We have a rule in our house that if Mama is napping, the only acceptable reasons for waking her up are if someone is bleeding profusely, unconscious, or being kidnapped . . . or the house is on fire. That’s it.
So I can sympathize with Jesus’ frustration here, being awakened from His nap by His disciples for something they believe to be dangerous and terrifying, but that for Him can be swept away with a word of rebuke.
I imagine the disciples having the same sort of conversation with each other about the severity of the storm that my kids must have about the severity of a particular skinned knee, and Jesus looking at the waves upon being awakened the way I look at bleeding that could IN NO WAY be considered profuse.
Now, this Mama needs her nap because she is 42 and pregnant, but I also genuinely want my older kids to have the opportunity of some adult-free time to exercise leadership and judgment and do some problem solving and working together.
It’s reasonable to assume that something similar is at work when it feels like Jesus is sleeping through one of my own personal crises. He’s giving me the opportunity to grow through the experience and to turn for help to the people He has put in my life.
And it’s not because they asked Him for help that the disciples were chastised, it’s because they were afraid. Again (Luke 12:4) and again (Luke 1:30) and again (Matthew 1:20) and again (Luke 2:10) in the Gospels, God tells us not to fear. It’s that deep, radical trust in the face of the violent storms that Jesus asks of me.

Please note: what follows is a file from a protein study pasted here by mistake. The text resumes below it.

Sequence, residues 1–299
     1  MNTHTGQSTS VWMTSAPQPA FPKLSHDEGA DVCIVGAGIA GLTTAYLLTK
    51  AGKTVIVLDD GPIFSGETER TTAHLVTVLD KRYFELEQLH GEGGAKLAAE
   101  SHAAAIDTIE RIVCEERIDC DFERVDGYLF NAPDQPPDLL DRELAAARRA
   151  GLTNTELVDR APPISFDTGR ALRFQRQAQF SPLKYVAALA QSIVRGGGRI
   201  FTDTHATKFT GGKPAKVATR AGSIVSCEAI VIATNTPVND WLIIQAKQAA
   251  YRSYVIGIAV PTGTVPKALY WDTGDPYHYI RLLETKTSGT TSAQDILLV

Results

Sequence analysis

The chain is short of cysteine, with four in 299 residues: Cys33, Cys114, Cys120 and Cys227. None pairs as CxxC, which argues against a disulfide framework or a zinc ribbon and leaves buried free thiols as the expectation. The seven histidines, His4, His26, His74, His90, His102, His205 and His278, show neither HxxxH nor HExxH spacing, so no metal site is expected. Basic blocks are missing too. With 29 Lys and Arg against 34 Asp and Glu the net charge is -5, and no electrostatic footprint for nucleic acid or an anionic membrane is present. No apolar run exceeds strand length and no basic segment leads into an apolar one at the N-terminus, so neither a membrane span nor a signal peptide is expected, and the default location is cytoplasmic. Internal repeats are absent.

Like the disciples, and like my children, I always have recourse to cry out, "Lord, save us! We are perishing!" (Matthew 8:25) and KNOW that Jesus will come to my assistance.
When this Saint says, "Do not be afraid," we know he's relaying this message straight from the Lord.
Kendra Tierney is a forty-two-year-old mother of nine and wife of one living in and working on a big old fixer-upper house in Los Angeles. She's a homeschooler and a regular schooler and is relishing the new freedom from carpooling that's come with a sixteen-year-old in the house. Her newest book, The Catholic All Year Compendium: Liturgical Living for Real Life, is here. You can find her first book, A Little Book About Confession, here, her blog here, and her word art here.